A new study has confirmed what we all already knew deep in our hearts: the world is getting worse. To be more specific, music is getting sadder.

Researchers at the University of California at Irvine looked at hundreds of thousands of songs released in the UK between 1985 and 2015 and categorized the songs according to their mood, The Associated Press reports. The results of the study were published in the Royal Society of Open Science journal. They found a “downward sonic trend in happiness and increase in sadness.” 

“‘Happiness’ is going down, ‘brightness’ is going down, ‘sadness’ is going up, and at the same time, the songs are becoming more ‘danceable’ and more ‘party-like,’” the study’s co-author, Natalia L. Komarova, told The Associated Press.

The researchers named some songs with a low happiness index: “Stay With Me” by Sam Smith, “Whispers” by Passenger and “Unmissable” by Gorgon City, all from 2014. 

By comparison, 1985 had major hits with a higher happiness index. These include: “Glory Days” by Bruce Springsteen, “Would I Lie to You?” by the Eurythmics, and “Freedom” by Wham!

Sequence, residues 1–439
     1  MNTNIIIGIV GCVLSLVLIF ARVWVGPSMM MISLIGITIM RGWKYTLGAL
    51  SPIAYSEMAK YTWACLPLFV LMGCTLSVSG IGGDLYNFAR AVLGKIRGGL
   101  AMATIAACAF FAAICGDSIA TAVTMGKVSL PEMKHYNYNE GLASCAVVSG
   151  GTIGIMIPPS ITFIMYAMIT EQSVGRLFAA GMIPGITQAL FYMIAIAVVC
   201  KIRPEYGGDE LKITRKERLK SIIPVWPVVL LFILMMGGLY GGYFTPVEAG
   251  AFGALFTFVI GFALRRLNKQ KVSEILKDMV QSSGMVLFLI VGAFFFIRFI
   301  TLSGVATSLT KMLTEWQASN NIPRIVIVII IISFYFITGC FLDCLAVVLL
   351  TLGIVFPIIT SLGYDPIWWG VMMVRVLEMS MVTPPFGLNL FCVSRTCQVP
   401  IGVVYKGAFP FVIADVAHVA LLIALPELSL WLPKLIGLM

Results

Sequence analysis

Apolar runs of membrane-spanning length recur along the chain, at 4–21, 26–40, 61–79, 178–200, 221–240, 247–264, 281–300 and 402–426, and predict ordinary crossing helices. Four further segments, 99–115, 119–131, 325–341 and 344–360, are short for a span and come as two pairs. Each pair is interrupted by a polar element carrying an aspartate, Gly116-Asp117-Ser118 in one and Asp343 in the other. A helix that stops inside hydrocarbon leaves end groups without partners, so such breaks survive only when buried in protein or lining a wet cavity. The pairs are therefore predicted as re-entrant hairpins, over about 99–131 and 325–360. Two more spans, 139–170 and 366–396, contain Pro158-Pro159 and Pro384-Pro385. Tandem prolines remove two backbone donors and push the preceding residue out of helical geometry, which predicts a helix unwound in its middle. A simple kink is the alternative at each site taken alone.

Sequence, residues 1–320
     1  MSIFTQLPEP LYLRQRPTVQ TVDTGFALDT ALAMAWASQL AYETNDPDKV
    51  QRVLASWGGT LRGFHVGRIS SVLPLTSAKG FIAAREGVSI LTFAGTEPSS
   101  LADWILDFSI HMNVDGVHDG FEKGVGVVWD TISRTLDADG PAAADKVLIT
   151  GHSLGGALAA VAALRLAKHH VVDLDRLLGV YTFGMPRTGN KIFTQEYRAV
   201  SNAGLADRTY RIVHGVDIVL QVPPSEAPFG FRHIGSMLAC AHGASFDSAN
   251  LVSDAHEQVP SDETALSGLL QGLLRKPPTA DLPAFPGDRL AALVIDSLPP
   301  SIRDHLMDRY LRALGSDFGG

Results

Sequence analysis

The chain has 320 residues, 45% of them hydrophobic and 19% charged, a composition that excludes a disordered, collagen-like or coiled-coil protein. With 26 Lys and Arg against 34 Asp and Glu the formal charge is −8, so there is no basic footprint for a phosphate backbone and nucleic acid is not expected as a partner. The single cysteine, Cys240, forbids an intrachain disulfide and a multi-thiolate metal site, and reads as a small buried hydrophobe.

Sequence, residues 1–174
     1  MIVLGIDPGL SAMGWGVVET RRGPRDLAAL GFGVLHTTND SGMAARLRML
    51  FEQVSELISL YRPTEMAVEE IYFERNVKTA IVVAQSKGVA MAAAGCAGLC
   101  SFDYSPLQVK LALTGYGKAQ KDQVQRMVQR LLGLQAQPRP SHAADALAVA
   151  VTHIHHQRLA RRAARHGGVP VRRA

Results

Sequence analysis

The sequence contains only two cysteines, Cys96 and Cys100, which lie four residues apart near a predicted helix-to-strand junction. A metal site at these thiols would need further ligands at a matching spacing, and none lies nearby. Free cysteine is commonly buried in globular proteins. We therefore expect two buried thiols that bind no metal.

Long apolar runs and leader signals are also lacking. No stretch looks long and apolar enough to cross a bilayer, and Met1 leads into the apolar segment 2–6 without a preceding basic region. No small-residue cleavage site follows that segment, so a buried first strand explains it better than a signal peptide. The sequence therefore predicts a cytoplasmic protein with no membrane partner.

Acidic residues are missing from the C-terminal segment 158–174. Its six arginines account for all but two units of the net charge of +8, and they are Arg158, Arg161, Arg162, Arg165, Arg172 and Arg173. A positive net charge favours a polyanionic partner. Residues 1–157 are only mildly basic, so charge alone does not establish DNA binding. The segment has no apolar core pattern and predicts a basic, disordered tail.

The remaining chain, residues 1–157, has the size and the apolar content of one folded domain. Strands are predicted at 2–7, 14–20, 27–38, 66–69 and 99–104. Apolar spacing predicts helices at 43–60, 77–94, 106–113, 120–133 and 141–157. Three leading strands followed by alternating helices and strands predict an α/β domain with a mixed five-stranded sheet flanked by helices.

The study stresses that this gradual decrease in the happiness index does not mean that all songs in 1985 were happy and all modern songs are sad; instead, the findings only point to a general trend in properties of the music and the corresponding moods. 

“The public seems to prefer happier songs, even though more and more unhappy songs are being released each year,” the researchers wrote. The study also concluded that dance and pop have been the most successful genres, while there has been a noted “downward trend” in the success of rock since the early 2000s.

The study did also have some less depressing findings, though: the frequency of male singers in popular music has decreased in past 30 years. This period has seen “successful songs [be] characterized by a large percentage of female artists compared to all songs,” Komarova also said.